Author: Robin Wall Kimmerer
|Braiding Sweetgrass (2013) highlights the challenges faced by our environment and shares the perspective of an environmental biologist on mother nature. The author Robin Wall Kimmerer gives us a unique view of how we care for Mother Nature.|
The book Braiding Sweetgrass is written by Robin Wall Kimmerer. She is a Native American and an Environmental Biologist. In her book, she has taught us how we can take care of our planet Earth and gives the attention that Earth wants.
Moreover, she advises us to treat the environment as a family member. By that, she means to take care of it and just not treat it like a resource. As an environmental biologist, she has highlighted the challenges that our environment is facing and what we can do to control them.
What are our options? People are fighting to pass rules that limit our consumption of resources and encourage us to move to greener alternatives. Things are beginning to shift. But what if the real remedy lies in a total shift in our perspective of our surroundings?
Braiding Sweetgrass Key Points
Native Americans culture for nature
The author says that growing up as a Native American in modern America was a collision of cultures. Her clan and the country seemed to be at odds all the time. Kimmerer spent a lot of time with her grandma and the Potawatomi tribe when she was younger. She saw a significant difference in the way both civilizations viewed nature.
She uses wild strawberries from a field near her school as an example. These kinds of gifts, she believes, are part of the world’s gift economy, or things that people give without expecting anything in return. However, it is customary in Potawatomi culture to return such gifts. As a result, she would return at the end of the season. The relationship should resemble that of two people who genuinely care for one another. They look out for one another because they want to, not because they have to. However, Kimmerer observed that most people do not engage in this type of gift economy.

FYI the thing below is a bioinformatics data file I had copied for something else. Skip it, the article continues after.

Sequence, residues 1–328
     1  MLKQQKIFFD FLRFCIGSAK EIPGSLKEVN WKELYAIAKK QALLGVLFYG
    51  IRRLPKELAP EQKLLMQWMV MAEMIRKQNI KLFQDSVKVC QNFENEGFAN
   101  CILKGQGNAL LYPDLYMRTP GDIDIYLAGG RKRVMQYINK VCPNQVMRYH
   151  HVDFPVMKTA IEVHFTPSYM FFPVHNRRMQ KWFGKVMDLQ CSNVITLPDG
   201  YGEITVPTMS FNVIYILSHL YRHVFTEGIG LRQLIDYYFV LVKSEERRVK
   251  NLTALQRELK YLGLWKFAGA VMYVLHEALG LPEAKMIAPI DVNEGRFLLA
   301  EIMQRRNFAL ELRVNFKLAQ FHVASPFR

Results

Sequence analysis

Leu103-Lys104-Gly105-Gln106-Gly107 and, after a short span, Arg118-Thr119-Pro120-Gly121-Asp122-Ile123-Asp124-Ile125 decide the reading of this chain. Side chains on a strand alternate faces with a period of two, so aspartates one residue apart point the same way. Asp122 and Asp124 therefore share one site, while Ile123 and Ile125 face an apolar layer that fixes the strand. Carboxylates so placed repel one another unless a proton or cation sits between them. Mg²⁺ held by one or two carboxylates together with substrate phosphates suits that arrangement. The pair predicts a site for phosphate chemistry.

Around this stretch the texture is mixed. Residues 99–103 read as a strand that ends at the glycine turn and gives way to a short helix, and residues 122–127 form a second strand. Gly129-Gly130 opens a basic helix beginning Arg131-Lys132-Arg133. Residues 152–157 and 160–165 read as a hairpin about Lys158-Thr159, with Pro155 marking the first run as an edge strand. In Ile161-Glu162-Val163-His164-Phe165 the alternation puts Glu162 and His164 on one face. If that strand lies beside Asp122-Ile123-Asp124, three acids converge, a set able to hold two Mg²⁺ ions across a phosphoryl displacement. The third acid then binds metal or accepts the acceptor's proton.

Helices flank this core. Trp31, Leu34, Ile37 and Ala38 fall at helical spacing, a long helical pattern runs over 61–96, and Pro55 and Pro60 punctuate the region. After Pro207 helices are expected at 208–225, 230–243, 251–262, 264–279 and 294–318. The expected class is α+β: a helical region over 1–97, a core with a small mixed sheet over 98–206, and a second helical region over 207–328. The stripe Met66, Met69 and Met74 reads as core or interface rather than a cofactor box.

Work in harmony with the environment
Native Americans are aware of and respect the cyclical pattern of life in their environment. Just like that when Kimmerer came upon a contaminated local pond where birds would become stuck in the algae, she used this method of thinking, she said. She tended to the pond for 12 years, cleaning it and removing algae. She tended to the pond for 12 years, cleaning it and removing algae. This form of caring develops into a vicious cycle. The birds are flourishing now, and as the pond drains into adjacent ponds, they benefit as well. Many cultures practice the Honorable Harvest, which entails taking only what they require and allowing nature to replenish and return to us. Instead of tossing paper away without considering the trees that provided it, she suggests thinking about the gifts this tree has given you and giving back by joining in a local tree-planting initiative.
The book gives us a lesson here that this is how humans commonly treat the Earth and its resources, such as mining with no reciprocation.
What we can do to protect nature in the future?
The book teaches that we can protect nature in the future only by teaching our next generation about it. Next-generation should learn how to take care of the environment and they should be aware of how important it is to take care of it considering the climate changes.
According to the author, a vow honoring Mother is one method we might implant this way of thinking in the next generation. This has previously been done in Native American schools in the form of a Thanksgiving Address, in which they thank Mother Earth for supplying us with water, food, and shelter. This may encourage kids to begin each day with thankfulness for what the Earth provides rather than a desire to consume more. It might even persuade them to donate.
Who would I recommend Braiding Sweetgrass Summary to?
Braiding Sweetgrass summary is recommended is every student to raise awareness of taking care of nature. It will motivate them to start showing gratitude towards mother nature.